Community. A life lived together. On the street.

Life is certainly lived on the street here in Quezon City. I suppose it’s because the climate is so much more favourable to being outside. There isn’t as much variation as we experienced in Saskatchewan; every day starts at 25 and rises to at most 35. That means the occasional 21 degree mornings are surprisingly cold. In Saskatchewan we experienced a range of about 80 degrees over the nearly two years we lived there!

The small town of Herschel, Saskatchewan (yes the same Herschel immortalised by the backpack company) overcomes the weather when gathering by using a hockey rink. Monday evenings the buses don’t drop the kids at home. Instead everyone gathers at the rink, skates, talks, eats, and cooks. Sometimes a curling match breaks out. But nonetheless community happens. Inside.

Right now I am sitting at the carwash down the street from Emily’s new place and the videoke has just started up. For those unfamiliar, videoke is a singing system invented by a Filipino that features a TV showing various scenes accompanied by subtitle-like lyrics and thumping music. The quality of the voice isn’t as important as participating in community. But it sure is fun!

The carwash waiting area consists of three picnic tables places end to end. A variety of people are seated around these tables but their connection to the carwash has yet be determined. Neighbours? Friends? Passersby? At any rate, community is happening mist obviously through the friendly teasing of the carwash boy. Conversations in Tagalog about having to talk to me in English, which will give him a nosebleed because his brains will explode. Laughter later when they find out I understand them.

What is interesting is that there is never an option given of not speaking with me — because they want me to join them in their community making. Because in Filipino culture it’s not really us vs them but people who share community and identity together. The word here is kapwa and describes a complex relationship achieved after progressing from mere acquaintances to bosom buddies. Everything is about this shared identity: Classmates, barkada (originally those who travelled with you on the ship to prison but now simply meaning your closest friends), wearing a common t-shirt, dressing in the role you are currently in (road cyclists attire, school uniform, clothes for just popping out of the house, security guard uniform).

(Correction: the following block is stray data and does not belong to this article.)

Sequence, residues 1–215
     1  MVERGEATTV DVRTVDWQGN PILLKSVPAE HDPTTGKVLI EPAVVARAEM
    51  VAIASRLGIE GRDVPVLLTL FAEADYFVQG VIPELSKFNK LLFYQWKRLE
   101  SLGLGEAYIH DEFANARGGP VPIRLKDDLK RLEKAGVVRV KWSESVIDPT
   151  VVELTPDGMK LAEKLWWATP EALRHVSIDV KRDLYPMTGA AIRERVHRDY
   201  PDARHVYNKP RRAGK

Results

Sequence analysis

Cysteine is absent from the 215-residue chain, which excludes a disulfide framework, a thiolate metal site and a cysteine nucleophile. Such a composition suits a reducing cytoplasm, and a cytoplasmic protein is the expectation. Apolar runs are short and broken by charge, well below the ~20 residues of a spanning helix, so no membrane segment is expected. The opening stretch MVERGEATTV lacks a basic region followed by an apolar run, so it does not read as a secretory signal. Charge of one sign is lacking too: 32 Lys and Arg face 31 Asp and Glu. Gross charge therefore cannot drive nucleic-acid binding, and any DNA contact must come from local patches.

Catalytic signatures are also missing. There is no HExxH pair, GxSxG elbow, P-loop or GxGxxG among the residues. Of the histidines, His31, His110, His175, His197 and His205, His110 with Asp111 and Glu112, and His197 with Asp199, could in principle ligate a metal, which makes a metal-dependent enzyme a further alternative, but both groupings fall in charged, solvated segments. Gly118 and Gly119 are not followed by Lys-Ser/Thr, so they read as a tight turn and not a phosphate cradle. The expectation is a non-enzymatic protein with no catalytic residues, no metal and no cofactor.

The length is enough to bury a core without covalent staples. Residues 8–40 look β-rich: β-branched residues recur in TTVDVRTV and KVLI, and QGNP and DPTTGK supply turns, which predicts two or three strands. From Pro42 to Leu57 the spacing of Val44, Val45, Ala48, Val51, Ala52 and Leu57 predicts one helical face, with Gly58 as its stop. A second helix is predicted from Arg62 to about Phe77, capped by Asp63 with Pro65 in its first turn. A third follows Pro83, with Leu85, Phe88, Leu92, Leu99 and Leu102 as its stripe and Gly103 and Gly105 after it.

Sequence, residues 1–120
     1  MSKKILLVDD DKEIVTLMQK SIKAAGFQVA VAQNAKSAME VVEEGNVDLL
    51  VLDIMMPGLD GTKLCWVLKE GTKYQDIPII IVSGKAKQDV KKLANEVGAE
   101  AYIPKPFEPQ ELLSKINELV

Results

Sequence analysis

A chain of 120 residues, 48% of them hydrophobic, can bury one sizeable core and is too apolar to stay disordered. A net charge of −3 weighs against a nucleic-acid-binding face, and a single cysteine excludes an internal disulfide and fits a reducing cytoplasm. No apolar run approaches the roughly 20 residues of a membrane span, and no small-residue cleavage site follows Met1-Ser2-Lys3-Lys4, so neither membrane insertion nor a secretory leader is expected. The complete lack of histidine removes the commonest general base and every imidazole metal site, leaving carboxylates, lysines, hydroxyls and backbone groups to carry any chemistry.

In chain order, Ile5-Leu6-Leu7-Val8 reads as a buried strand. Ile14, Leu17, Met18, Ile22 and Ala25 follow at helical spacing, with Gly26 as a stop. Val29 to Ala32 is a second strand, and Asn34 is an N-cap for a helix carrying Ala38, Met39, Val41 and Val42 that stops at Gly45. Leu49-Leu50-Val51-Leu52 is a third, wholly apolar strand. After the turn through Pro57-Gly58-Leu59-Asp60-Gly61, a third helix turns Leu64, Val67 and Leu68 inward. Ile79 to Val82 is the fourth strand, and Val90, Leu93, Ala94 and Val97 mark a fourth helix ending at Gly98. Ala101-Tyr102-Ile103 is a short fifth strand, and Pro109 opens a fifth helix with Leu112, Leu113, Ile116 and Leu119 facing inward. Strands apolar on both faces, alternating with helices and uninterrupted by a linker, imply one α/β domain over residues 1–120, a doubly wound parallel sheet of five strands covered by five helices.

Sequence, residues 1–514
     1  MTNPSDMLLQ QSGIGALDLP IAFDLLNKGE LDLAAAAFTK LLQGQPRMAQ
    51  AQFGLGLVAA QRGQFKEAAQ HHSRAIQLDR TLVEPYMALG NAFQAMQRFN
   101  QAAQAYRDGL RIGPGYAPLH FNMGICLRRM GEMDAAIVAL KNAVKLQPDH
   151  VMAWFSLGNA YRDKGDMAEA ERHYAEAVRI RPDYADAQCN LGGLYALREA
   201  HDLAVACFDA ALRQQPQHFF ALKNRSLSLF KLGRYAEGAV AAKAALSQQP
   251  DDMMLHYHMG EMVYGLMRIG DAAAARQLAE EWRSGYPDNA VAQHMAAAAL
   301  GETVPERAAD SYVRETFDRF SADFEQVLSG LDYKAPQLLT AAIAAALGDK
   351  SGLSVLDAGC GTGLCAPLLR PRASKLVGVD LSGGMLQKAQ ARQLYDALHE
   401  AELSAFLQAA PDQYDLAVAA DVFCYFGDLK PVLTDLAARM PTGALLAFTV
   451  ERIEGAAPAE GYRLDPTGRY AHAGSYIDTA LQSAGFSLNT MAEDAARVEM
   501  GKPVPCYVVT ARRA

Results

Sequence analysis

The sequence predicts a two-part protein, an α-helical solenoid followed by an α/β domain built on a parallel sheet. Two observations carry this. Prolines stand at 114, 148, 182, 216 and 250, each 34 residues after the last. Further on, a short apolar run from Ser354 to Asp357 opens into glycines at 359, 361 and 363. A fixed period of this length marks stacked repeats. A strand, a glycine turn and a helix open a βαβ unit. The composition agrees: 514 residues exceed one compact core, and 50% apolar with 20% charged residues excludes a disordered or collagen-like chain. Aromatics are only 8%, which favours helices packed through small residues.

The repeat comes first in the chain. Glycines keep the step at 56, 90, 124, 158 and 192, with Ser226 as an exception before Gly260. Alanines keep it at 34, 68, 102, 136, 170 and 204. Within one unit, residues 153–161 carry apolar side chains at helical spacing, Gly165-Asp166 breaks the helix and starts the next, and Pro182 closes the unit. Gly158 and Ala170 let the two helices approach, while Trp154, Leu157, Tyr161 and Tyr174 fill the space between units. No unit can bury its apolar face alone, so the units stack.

Everyone’s identity is shared with everyone else’s identity. Everyone knows where they fit.

Community. A life lived together. On the street.

What is your community like? Please comment below.

Remember sharing is what friends do.

Image is mine.

5 thoughts on “Community. A life lived together. On the street.

  1. Great observation, Dr. Fast. I had the same experience. The carwash boys are jolly, and they would engage you in a conversation. What is amazing is that they seemed to be contented with what they are and I wondered why they didn’t seem to be envious of our own status as they routinely cleaned our car diligently until the last part of cleaning up – – -the application of a “tire black.” This can be a good study of carwash boys in our community through a dialogic approach.

    Liked by 1 person

  2. A wonderful post, Michael. Thank you very much! I can see and hear the people on the street with you. Very vivid descriptions.

    Liked by 1 person

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